Today, Kadayawan has transformed into a festival of festivals, with a number of spin-off festivals in the region. The festival honors Davao’s artistic, cultural, and historical heritage, its past personified by the ancestral lumads, its people as they celebrate on the streets, and its floral industry as its representatives parade in full regalia in thanksgiving for the blessings granted on the city.

Actually, the celebration interfaces three aspects: Tribal, industrial, arts and entertainment.  It is a week-long celebration which is highlighted by floral floats, street-dancing competitions, and exhibits that showcase the island’s tourism products and services.

The two big parades of the festival are often held during weekends.  The street dancing, called Indak-Indak sa Kadalanan, is done on Saturday while the floral float parade falls on Sunday.

The street dancing has two main components. The first is the street parade, where performers groove it up while parading along selected points of the city (at the streets of CM Recto, San Pedro, Pelayo, Bonifacio, Ponciano, and Roxas Avenue). The second is the showdown, where the very same people perform on the same venue, which has traditionally been San Pedro Street. The parade normally takes place in the morning, the showdown from the afternoon to evening.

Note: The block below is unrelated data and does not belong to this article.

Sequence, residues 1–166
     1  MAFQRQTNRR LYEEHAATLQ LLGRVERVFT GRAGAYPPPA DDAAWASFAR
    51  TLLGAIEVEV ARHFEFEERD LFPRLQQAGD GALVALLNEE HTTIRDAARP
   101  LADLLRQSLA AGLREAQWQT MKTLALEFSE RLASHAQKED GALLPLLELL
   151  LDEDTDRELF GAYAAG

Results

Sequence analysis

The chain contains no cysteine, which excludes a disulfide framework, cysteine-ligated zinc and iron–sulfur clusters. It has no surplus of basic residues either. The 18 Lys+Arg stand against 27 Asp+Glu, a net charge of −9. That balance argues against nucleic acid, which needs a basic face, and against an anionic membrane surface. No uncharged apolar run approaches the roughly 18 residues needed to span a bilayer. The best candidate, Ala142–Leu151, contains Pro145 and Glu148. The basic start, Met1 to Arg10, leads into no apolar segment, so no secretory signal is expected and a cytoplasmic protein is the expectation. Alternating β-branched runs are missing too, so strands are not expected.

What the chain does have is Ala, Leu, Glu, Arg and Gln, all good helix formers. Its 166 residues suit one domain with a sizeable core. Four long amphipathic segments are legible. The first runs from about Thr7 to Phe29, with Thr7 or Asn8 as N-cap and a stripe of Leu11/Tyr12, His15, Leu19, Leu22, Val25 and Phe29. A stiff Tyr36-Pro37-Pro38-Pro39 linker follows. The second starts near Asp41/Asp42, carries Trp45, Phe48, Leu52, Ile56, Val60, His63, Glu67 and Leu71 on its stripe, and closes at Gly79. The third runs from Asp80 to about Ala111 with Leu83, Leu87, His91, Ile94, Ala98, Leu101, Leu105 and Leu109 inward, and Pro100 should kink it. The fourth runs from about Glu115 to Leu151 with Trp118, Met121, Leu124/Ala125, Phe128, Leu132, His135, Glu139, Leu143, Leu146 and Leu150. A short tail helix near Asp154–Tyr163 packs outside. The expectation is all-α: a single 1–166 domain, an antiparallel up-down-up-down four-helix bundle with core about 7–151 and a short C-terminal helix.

One pundit puts it: “The Indak-Indak sa Kadalanan is wildly popular because of the distinctively Mindanaoan beat and costumes. Several tourists come to Davao to watch hundreds of people dancing with vigor in the streets, clad in their native attire and carrying extravagant props that would give Hollywood studios a serious run for their money.”

This year’s competition has only one category and is open to any group, organization, institutions, or communities. Participating Mindanao-based contingents must showcase the festival of their locality, while participating Davao City-based contingents must interpret the Kadayawan festival or Mindanao folklores, myths, or legends.

Criteria for judging are as follows: Main showdown, 70% (choreography and creativity, 25%; performance, 30%; musicality, 25%; and production design, 20%), and street performance, 30% (choreography and creativity, 25%; performance, 30%; musicality, 25%; and production design, 25%).